Everyone loves to hate acronyms. Learn Improv’s acronym for narrative is STEPS. Setting. Ties. Explore. Propel. Sort.
Narrative is a fancy word for story. Scripted works pay attention to narrative and employ narrative enhancing tools. Good scripted work, whether a play, movie, sketch, or stand up, has been written an re-written many times. Excellent scripted works have to focus on the details of settings, characters, plot(s), point of view, style, climax, and denouement.
The narrative of an improv comedy scene is created in a very different way. An improv comedy scene is built on a series of offers. These stories find their comedy by accident. The setting does not get to be rewritten. The characters are created in an instant. The plot is built on a series of unplanned offers. When an improv comedy scene has complete narrative you have witnessed a little miracle.
The players on stage are writing a scene. However many of the classic elements of narrative described above do not translate well into improv comedy. Setting and characters are common to both narrative methods. However in an improv comedy scene plot, point of view, climax are all built on a series of unplanned offers. The plot literally happens in real time and the none of the players know where it is going to go next.
A scene, game, handle, long form works best when all the elements of a narrative are present. The comedy happens by accident but is most believable and rewarding when the narrative goals of STEPS are hit.
A scene is stronger when there are characters for the audience to relate to. A scene is more real when there is an environment for the characters to explore. Think of STEPS as a set of goals specific to improv comedy scene narration.
Most important rule of improv is that there are no rules. However there are goals. STEPS is an example of a collection of goals that players will try to use in their narrative for a scene. Choosing the terminology of goals creates a more supportive and caring learning milieu.
When a narrative goes wrong it can usually be traced back to an element of STEPS missing from the scene. Players should never be told that scene “failed” because the setting was poorly constructed. The narrative STEPS are goals and excellent scenes can happen when parts are missing.
Setting. Ties. Explore. Propel. Sort.
The setting is composed of two key elements: the environment and mime objects.
The environment is the setting in which a scene takes place. If new player were to enter the scene their character would appear in the existing environment. The environment is most commonly created with mime actions. Every character in the scene would embrace the environment in the same fashion. If a player mimes a cupboard door, the next player to use the cupboard door should mime it the same. Meaning that the cupboard door will be in same location, same height, and open in the same direction as previous.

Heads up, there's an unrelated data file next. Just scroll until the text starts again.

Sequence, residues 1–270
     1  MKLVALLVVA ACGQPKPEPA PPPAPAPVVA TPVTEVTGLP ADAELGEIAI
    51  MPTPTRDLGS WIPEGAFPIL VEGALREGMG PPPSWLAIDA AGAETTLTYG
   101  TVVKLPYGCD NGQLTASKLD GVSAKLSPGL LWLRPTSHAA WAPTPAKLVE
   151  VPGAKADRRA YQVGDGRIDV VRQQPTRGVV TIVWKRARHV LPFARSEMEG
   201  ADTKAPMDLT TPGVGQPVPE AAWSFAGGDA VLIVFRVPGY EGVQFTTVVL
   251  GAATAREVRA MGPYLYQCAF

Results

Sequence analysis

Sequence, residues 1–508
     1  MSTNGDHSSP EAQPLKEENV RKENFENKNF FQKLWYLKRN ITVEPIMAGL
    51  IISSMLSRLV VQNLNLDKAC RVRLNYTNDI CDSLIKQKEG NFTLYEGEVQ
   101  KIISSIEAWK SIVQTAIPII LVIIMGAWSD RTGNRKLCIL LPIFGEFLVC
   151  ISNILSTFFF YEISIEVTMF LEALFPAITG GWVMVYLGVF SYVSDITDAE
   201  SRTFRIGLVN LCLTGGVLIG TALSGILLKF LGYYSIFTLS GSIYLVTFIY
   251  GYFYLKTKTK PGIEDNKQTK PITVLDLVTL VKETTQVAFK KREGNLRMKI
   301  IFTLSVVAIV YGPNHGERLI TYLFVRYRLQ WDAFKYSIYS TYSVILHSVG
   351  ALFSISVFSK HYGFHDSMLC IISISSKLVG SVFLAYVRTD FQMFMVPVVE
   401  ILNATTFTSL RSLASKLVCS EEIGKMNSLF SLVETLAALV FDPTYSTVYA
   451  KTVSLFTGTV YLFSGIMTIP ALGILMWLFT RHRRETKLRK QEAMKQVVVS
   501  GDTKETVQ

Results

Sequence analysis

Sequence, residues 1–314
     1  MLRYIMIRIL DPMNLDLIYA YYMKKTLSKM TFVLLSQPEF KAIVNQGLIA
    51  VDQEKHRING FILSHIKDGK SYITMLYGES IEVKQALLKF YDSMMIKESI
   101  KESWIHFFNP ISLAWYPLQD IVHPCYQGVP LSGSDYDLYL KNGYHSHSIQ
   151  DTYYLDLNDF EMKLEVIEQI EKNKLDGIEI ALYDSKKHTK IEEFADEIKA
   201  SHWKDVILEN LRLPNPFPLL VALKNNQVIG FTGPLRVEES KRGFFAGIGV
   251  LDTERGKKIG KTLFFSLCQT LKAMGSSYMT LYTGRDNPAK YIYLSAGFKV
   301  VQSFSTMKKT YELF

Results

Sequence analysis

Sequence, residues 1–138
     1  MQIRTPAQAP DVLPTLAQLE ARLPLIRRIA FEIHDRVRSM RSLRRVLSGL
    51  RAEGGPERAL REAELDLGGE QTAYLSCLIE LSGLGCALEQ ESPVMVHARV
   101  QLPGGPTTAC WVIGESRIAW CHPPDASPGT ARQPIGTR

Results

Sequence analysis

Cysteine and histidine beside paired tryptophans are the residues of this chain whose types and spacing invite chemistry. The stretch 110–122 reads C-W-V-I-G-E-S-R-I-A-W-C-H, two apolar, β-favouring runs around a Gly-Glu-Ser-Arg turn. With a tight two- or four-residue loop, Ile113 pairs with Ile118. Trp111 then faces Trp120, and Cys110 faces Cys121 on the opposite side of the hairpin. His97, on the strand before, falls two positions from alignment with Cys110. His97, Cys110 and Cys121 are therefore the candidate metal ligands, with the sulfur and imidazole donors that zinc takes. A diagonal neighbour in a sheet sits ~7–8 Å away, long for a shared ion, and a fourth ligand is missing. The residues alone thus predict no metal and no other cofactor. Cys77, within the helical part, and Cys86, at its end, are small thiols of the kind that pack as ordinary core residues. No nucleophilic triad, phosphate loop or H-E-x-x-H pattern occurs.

Every item mimed in an environment is an offer. Players must listen to these offers. The audience will notice of a character walks through a table, wall or door. A good environment is built on offers that have been listened to and accepted. An environment could be as simple as a central sink, or a living room couch.
An environment does not make a scene, but it can be a helpful tool. Many scenes work without an established environment. The kitchen table could be used express anger, or joy.
The mime object is a tool for the player. The mime object is owned by the character. For example a character may have a glass of water in their right hand. This glass of water can be sipped from, swirled a bit, looked into, or thrown across the room. Mime objects are for the character to work with. They can express emotion through their mime object, or buy a bit of time to engage the silence of a scene.
The classic improv comedy mime phone.
The classic improv comedy mime hand gun.
The classic improv comedy mime cup.
These classic mime objects are included for fun. If someone is not liking these mimes they might be taking things a tad too serious.
An environment can inform the mime objects in a scene, but mime objects can also create an environment. For example, a cocktail party is often created with just a few characters gently nursing glasses.
A unique form of mime object is the weather. Cold or hot weather work as mime objects because they can affect each character differently. One character can be overwhelmed by the cold while a